Friday, November 9, 2018

African American Designers in Chicago: Art, Commerce and the Politics of Race



The current show at the Chicago Cultural CenterAfrican American Designers in Chicago: Art, Commerce and the Politics of Race, is the kind of show I know I will revisit several times while it's here because there is so much to see. I had an opportunity to attend The Designs of African American Life Symposium held in conjunction with the show and learned so much about the history of Black designers in Chicago that I had never known before. As a Black designer myself, having endured so many obstacles in my attempts to get my interior design career off the ground, I can only imagine how much more difficult it must have been for those who came before me at a time when this segregated city was even worse than it is now. Yet despite everything, they persevered and made great work. This show celebrates that.

I want to begin with a page from my maternal grandmother's yearbook. One of the first artifacts I saw was from the Wendell Phillips High School yearbook from 1925, which was during the time she attended the school.

Clarence Lawson
Clarence Lawson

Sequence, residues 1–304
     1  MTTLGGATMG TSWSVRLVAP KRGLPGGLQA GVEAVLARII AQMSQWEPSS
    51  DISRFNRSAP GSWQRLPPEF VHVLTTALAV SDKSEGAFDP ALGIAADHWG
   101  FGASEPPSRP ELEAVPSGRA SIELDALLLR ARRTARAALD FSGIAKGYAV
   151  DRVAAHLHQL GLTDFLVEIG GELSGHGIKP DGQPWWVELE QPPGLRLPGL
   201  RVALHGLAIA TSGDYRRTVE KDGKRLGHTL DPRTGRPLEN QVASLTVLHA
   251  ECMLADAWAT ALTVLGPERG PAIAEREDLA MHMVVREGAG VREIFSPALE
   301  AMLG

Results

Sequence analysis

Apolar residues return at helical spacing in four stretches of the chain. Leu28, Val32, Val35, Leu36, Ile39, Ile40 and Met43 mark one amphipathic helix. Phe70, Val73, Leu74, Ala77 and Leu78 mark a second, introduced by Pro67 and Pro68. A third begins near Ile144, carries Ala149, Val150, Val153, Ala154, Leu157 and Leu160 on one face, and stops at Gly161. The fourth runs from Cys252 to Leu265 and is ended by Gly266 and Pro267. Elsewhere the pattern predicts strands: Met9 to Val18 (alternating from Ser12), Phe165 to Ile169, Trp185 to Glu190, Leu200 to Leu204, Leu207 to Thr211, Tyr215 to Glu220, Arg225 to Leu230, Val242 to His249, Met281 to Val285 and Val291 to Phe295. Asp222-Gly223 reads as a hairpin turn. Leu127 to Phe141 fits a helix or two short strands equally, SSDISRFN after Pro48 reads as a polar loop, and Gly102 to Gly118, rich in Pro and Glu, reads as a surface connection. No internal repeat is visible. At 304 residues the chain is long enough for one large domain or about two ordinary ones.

I was already thinking of her because she was a prominent seamstress and the show encompasses fashion as well as other design disciplines,  but there was something really powerful about seeing something that would have once belonged to her.

And this poster advertises the kind of art shows my mother used to participate in.

Unknown Designer


I feel a deep connection to the work in this show.

I first learned about Patty-Jo dolls from the Black Doll Collecting blog. I was excited to see one in person. She is based on a character originated by Jackie Ormes, the first African-American woman to have a syndicated comic strip.

Patty-Jo by Jackie Ormes

Patty-Jo by Jackie Ormes
Patty-Jo by Jackie Ormes
Jackie Ormes

Patty-Jo by Jackie Ormes
Patty-Jo by Jackie Ormes
Torchy Brown by Jackie Ormes
Jackie Ormes


Several years ago when he was receiving an award, I had an opportunity to meet industrial designer Charles Harrison, who invented the View-Master. He worked for Sears and designed numerous everyday objects, like this sewing machine and this chair.

Charles Harrison

Charles Harrison


Here are more designs that caught my eye. As always, I have tried to include the designers' names in my photo captions, but may have missed someone.




Tom Miller



Charles Dawson
Charles Dawson

Charles Dawson
Charles Dawson

Gordon Parks
Advertising photography by Gordon Parks

Vince Cullers
An ad by Vince Cullers for his agency
  
Robert Savon Pious
Robert Savon Pious

A diorama by Charles Dawson of Crispus Attucks getting killed in the Boston Massacre
A diorama by Charles Dawson of Crispus Attucks getting killed in the Boston Massacre

Charles Dawson
Charles Dawson

Unknown Designer




Unknown Designer

Charles Dawson

Charles Dawson


Charles White

Herb Nipson and Norman L. Hunter

Herbert Temple

Herbert Temple



LeRoy Winbush

LeRoy Winbush

LeRoy Winbush

LeRoy Winbush


Jay Jackson

Jay Jackson






The show continues through March 3rd, 2019. The building hours are Monday – Friday, 10 a.m. –7 pm and Saturday – Sunday, 10 a.m. –5 p.m. and admission is free.

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